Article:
The House Intelligence Committee may turn over the impeachment process to the House Judiciary Committee soon—but Rep. Adam Schiff says the investigation of President Trump isn't over. The Intelligence committee chairman told CNN on Sunday that the panel is going to move forward with compiling its report, although key witnesses like Mike Pence, Rudy Giuliani, and John Bolton have not testified. He said the evidence already produced is "overwhelming" and shows serious misconduct by Trump, and he's not willing to "wait months and months while the administration plays a game of rope-a-dope in an effort to try to stall." More:
- No deadline. Schiff declined to say how long it might take for the panel to finish its impeachment report, saying "we'll take the time that's necessary," the Washington Post reports. He said that while they "may have other deposition and hearings to do," they could be filed as addendums after the report is passed to Judiciary.
- What happens next. The Intelligence panel could complete its report as soon as this week, which it may have to do if the goal of holding a House vote on impeachment before Christmas is to be reached, the AP reports. After the report is passed to Judiciary, that committee is expected to spend around two weeks holding hearings and voting on articles of impeachment before they are sent to the House floor for consideration.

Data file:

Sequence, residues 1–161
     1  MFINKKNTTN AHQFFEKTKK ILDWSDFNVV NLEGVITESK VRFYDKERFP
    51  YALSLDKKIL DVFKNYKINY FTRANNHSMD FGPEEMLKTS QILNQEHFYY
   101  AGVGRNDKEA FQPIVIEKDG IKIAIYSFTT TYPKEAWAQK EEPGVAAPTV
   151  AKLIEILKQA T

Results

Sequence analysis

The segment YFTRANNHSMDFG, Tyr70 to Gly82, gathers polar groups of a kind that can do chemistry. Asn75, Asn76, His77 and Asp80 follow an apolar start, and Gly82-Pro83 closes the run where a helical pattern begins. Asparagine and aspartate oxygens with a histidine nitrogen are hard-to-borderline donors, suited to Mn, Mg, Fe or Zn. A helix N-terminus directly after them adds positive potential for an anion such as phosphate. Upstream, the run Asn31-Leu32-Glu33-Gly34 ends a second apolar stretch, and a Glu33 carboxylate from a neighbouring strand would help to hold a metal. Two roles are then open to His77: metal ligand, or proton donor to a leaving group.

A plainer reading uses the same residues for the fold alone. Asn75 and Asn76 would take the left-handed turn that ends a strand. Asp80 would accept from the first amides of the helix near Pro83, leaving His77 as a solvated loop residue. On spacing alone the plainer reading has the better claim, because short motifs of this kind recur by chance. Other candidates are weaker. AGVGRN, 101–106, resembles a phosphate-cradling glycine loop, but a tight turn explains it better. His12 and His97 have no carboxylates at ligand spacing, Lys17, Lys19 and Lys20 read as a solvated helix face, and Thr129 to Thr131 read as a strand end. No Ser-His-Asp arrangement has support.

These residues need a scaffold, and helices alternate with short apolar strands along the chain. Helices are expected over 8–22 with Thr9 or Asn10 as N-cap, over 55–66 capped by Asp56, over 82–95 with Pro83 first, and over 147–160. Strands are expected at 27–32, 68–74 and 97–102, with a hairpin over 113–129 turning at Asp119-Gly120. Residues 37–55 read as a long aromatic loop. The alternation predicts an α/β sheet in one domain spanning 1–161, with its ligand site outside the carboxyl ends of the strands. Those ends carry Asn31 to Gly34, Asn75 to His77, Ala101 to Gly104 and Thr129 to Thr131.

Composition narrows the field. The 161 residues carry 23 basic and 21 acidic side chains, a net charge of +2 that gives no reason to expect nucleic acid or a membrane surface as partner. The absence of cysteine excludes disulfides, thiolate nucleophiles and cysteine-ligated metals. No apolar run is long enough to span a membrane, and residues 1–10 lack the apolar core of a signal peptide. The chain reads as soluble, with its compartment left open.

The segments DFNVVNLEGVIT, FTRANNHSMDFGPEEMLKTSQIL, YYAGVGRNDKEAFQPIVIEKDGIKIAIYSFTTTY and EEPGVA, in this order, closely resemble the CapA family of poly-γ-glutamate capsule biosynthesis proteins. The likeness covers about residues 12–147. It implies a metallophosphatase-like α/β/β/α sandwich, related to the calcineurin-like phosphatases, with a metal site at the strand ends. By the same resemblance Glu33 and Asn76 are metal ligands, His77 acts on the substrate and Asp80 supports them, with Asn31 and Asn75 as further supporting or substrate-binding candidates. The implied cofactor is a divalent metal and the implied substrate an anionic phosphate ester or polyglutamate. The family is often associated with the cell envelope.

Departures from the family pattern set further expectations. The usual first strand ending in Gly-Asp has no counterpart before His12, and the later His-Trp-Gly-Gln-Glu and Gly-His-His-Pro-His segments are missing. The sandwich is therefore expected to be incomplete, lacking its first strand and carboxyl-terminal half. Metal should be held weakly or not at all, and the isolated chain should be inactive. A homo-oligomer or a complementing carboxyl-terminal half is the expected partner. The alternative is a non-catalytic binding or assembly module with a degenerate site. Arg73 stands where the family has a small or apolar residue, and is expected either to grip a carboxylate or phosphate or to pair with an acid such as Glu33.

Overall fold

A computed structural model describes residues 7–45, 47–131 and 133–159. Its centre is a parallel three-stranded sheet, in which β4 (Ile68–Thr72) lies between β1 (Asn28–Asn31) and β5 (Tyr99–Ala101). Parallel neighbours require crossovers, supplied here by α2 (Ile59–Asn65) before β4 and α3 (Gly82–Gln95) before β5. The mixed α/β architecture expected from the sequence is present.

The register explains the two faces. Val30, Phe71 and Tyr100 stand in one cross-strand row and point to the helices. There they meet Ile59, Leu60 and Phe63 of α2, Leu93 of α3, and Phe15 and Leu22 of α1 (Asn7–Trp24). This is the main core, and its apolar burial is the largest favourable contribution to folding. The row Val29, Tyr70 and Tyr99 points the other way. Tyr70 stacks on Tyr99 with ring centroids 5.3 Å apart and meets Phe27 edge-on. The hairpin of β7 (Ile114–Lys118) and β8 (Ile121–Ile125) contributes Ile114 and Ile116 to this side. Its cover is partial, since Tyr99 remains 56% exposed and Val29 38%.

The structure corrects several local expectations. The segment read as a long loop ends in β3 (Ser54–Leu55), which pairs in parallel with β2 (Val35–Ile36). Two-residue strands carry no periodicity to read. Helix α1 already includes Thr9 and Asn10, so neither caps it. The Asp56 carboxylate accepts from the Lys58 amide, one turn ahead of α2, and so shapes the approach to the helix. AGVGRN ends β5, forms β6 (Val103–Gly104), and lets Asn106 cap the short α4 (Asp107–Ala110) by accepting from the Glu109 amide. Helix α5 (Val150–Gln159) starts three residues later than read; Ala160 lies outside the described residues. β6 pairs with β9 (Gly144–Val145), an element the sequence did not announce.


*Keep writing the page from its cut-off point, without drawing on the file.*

- Schiff calls out Bolton. Schiff said the committee would not take former national security adviser John Bolton to court, but said he should have the "courage" to testify. "He will have to explain one day if he maintains that position why he wanted to wait to put it in a book instead of telling the American people what he knew when it really mattered to the country," the Democrat said.
- Conway questions House vote. White House counselor Kellyanne Conway said Sunday that while the administration is preparing for "both eventualities," she isn't sure the House will vote to send impeachment to a trial in the Senate, Politico reports. "You've got a lot of Democrats wringing their hands that they did not see ... overwhelming, compelling, clear and convincing evidence," she told CBS.
- Schiff won't say how he'll vote. Despite his leading role in the inquiry, Schiff declined whether he personally would vote in favor of impeaching the president. "I want to discuss this with my constituents and my colleagues before I make a final judgment on it," he said.
- Impeachment fatigue? The Hill reports that in a worrying sign for Democrats, polls show that impeachment fatigue may be setting in, at least among independent voters. According to FiveThirtyEight's average of national polls, support for impeachment among independents peaked at almost 48% toward the end of October but has now slipped to around 41%.
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